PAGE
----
Developing and Running a Spark WordCount Application

This tutorial describes how to write, compile, and run a simple Spark word count application in two of the languages supported by Spark: Scala and Python. The Scala code was originally developed for a Cloudera tutorial written by Sandy Ryza.

Writing the Application

The example application is an enhanced version of WordCount, the canonical MapReduce example. In this version of WordCount, the goal is to learn the distribution of letters in the most popular words in a corpus. The application:

  1. Creates a SparkConf and SparkContext. A Spark application corresponds to an instance of the SparkContext class. When running a shell, the SparkContext is created for you.
  2. Gets a word frequency threshold.
  3. Reads an input set of text documents.
  4. Counts the number of times each word appears.
  5. Filters out all words that appear fewer times than the threshold.
  6. For the remaining words, counts the number of times each letter occurs.

In MapReduce, this requires two MapReduce applications, as well as persisting the intermediate data to HDFS between them. In Spark, this application requires about 90 percent fewer lines of code than one developed using the MapReduce API.

Here are two versions of the program:
Scala WordCount
import org.apache.spark.SparkContext
import org.apache.spark.SparkContext._
import org.apache.spark.SparkConf

object SparkWordCount {
  def main(args: Array[String]) {
    // create Spark context with Spark configuration
    val sc = new SparkContext(new SparkConf().setAppName("Spark Count"))

    // get threshold
    val threshold = args(1).toInt

    // read in text file and split each document into words
    val tokenized = sc.textFile(args(0)).flatMap(_.split(" "))

    // count the occurrence of each word
    val wordCounts = tokenized.map((_, 1)).reduceByKey(_ + _)

    // filter out words with fewer than threshold occurrences
    val filtered = wordCounts.filter(_._2 >= threshold)

    // count characters
    val charCounts = filtered.flatMap(_._1.toCharArray).map((_, 1)).reduceByKey(_ + _)

    System.out.println(charCounts.collect().mkString(", "))
  }
}
Python WordCount
import sys

from pyspark import SparkContext, SparkConf

if __name__ == "__main__":

  # create Spark context with Spark configuration
  conf = SparkConf().setAppName("Spark Count")
  sc = SparkContext(conf=conf)

  # get threshold
  threshold = int(sys.argv[2])

  # read in text file and split each document into words
  tokenized = sc.textFile(sys.argv[1]).flatMap(lambda line: line.split(" "))

  # count the occurrence of each word
  wordCounts = tokenized.map(lambda word: (word, 1)).reduceByKey(lambda v1,v2:v1 +v2)

  # filter out words with fewer than threshold occurrences
  filtered = wordCounts.filter(lambda pair:pair[1] >= threshold)

  # count characters
  charCounts = filtered.flatMap(lambda pair:pair[0]).map(lambda c: c).map(lambda c: (c, 1)).reduceByKey(lambda v1,v2:v1 +v2)

  list = charCounts.collect()
  print repr(list)[1:-1]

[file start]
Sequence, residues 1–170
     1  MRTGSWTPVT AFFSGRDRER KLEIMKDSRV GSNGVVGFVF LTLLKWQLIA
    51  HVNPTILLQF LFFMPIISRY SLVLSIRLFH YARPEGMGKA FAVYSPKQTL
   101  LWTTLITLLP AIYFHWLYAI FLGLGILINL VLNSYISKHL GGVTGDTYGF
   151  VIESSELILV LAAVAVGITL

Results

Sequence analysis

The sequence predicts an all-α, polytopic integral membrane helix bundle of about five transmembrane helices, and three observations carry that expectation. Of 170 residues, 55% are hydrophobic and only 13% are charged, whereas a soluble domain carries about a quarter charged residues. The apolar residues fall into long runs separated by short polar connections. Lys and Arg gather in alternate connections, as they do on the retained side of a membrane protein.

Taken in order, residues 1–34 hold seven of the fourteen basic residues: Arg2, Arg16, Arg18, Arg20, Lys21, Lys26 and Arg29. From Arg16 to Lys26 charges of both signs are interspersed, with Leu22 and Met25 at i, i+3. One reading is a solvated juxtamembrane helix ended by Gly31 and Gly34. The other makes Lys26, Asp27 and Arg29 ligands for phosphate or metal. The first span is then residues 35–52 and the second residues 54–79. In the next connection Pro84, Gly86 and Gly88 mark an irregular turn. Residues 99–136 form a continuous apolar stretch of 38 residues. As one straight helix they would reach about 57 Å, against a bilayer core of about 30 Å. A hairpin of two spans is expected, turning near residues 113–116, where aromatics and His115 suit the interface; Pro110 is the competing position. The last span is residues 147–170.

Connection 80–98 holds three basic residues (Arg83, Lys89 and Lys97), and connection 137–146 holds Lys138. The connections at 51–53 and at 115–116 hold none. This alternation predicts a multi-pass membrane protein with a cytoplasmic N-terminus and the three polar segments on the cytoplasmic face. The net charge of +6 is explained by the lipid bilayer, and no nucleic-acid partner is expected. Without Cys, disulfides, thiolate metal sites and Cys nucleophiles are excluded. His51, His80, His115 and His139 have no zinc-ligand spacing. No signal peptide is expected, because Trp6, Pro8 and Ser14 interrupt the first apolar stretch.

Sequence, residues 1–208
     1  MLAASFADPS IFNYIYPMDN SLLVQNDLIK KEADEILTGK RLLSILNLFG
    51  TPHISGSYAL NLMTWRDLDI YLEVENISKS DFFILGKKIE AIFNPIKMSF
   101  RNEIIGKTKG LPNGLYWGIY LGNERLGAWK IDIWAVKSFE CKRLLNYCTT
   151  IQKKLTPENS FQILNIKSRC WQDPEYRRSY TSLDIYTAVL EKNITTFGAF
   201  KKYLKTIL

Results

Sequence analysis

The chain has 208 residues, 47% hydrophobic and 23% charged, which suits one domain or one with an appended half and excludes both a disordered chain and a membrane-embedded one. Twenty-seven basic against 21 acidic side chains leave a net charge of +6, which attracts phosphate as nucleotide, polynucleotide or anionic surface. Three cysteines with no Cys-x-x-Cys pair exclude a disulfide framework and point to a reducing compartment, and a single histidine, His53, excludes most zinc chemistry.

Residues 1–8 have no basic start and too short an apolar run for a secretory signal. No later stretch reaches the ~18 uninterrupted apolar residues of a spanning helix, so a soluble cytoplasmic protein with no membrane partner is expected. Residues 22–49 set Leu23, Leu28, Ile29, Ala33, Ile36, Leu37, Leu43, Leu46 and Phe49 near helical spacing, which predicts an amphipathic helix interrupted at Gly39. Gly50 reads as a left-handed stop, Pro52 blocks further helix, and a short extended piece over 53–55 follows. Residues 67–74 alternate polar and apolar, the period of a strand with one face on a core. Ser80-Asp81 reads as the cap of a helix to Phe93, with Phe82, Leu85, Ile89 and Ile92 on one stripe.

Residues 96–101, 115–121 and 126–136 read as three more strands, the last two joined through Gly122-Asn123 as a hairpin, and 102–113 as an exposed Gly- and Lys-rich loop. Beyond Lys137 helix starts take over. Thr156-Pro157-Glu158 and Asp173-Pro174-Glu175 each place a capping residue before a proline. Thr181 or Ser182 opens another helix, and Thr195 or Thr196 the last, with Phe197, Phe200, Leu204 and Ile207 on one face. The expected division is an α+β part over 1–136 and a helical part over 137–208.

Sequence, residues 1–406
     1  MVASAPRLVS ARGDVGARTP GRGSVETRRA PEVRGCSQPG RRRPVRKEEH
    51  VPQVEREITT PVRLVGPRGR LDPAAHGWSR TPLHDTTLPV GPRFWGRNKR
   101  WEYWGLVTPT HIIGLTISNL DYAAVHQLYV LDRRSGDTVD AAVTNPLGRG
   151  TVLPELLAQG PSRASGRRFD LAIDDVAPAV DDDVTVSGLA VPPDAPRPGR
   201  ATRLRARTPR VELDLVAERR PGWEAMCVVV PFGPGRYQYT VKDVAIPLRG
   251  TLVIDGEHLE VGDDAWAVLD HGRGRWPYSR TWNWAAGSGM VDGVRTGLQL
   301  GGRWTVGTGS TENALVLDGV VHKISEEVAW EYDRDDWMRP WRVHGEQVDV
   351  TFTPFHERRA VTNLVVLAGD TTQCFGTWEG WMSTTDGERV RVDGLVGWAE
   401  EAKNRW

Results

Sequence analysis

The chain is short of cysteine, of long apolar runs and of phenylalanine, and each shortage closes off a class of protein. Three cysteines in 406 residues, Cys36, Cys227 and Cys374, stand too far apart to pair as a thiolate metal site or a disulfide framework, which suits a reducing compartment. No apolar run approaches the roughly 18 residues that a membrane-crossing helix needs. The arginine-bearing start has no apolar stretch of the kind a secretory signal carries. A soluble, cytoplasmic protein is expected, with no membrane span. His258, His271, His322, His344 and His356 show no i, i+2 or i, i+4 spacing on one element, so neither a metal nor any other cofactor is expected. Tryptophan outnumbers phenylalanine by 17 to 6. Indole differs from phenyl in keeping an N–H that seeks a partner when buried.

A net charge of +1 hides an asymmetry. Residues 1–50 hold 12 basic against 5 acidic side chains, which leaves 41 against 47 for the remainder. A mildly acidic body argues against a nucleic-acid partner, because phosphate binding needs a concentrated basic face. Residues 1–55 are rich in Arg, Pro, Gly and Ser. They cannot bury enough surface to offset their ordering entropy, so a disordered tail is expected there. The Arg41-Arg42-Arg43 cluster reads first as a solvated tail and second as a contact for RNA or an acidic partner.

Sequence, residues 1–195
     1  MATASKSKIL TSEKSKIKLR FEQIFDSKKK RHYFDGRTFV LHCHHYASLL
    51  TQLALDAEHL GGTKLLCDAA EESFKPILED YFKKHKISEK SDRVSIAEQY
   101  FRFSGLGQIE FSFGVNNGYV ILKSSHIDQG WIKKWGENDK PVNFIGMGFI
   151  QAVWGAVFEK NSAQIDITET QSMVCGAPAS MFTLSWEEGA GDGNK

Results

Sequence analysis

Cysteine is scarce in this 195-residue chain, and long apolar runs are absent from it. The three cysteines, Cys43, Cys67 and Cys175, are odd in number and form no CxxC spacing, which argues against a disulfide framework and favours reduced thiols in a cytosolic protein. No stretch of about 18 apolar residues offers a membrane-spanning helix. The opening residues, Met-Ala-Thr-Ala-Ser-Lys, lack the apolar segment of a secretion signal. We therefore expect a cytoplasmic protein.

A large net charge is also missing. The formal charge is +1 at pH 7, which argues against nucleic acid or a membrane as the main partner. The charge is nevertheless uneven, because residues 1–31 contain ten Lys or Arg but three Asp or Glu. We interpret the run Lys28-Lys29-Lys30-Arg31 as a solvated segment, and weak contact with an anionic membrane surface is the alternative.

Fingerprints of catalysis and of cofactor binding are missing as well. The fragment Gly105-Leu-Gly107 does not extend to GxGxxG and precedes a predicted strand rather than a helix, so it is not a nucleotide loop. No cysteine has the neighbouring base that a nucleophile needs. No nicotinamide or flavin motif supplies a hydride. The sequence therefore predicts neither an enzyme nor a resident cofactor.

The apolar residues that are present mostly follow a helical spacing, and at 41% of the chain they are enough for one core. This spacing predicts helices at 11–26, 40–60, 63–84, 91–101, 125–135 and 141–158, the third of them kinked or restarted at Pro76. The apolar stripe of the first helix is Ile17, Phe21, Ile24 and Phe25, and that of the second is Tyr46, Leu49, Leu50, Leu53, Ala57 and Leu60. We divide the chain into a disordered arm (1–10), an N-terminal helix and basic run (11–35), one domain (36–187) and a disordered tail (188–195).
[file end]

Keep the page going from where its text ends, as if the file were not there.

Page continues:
Compiling and Packaging Scala Applications

The tutorial uses Maven to compile and package the programs. Excerpts of the tutorial pom.xml are included below. For best practices using Maven to build Spark applications, see Building Spark Applications.

To compile Scala, include the Scala tools plug-in:

<plugin>
  <groupId>org.scala-tools</groupId>
      <xrefrtifactId>maven-scala-plugin</artifactId>
      <executions>
        <execution>
          <goals>
            <goal>compile</goal>
            <goal>testCompile</goal>
          </goals>
        </execution>
      </executions>
</plugin>

which requires the scala-tools plug-in repository:

<pluginRepositories>
<pluginRepository>
    <id>scala-tools.org</id>
    <name>Scala-tools Maven2 Repository</name>
    <url>http://scala-tools.org/repo-releases</url>
  </pluginRepository>
</pluginRepositories>

Also, include Scala and Spark as dependencies:

<dependencies>
  <dependency>
    <groupId>org.scala-lang</groupId>
    <xrefrtifactId>scala-library</artifactId>
    <version>2.11.12</version>
    <scope>provided</scope>
  </dependency>
  <dependency>
    <groupId>org.apache.spark</groupId>
    <xrefrtifactId>spark-core_2.11</artifactId>
    <version>2.2.0-cdh6.0.0-beta1</version>
    <scope>provided</scope>
  </dependency>
</dependencies>

To generate the application JAR, run:

$ mvn package

to create sparkwordcount-1.0-SNAPSHOT-jar-with-dependencies.jar in the target directory.

Running the Application

  1. The input to the application is a large text file in which each line contains all the words in a document, stripped of punctuation. Put an input file in a directory on HDFS. You can use tutorial example input file:
    $ wget --no-check-certificate .../inputfile.txt
    $ hdfs dfs -put inputfile.txt
  2. Run one of the applications using spark-submit:
    • Scala - Run in a local process with threshold 2:
      $ spark-submit --class com.cloudera.sparkwordcount.SparkWordCount \
        --master local --deploy-mode client --executor-memory 1g \
        --name wordcount --conf "spark.app.id=wordcount" \
        sparkwordcount-1.0-SNAPSHOT-jar-with-dependencies.jar \
        hdfs://namenode_host:8020/path/to/inputfile.txt 2

      If you use the example input file, the output should look something like:

      (e,6), (p,2), (a,4), (t,2), (i,1), (b,1), (u,1), (h,1), (o,2), (n,4), (f,1), (v,1), (r,2), (l,1), (c,1)
    • Python - Run on YARN with threshold 2:
      $ spark-submit --master yarn --deploy-mode client --executor-memory 1g \
        --name wordcount --conf "spark.app.id=wordcount" wordcount.py \
        hdfs://namenode_host:8020/path/to/inputfile.txt 2

      In this case, the output should look something like:

      [(u'a', 4), (u'c', 1), (u'e', 6), (u'i', 1), (u'o', 2), (u'u', 1), (u'b', 1), (u'f', 1), (u'h', 1), (u'l', 1), (u'n', 4), (u'p', 2), (u'r', 2), (u't', 2), (u'v', 1)]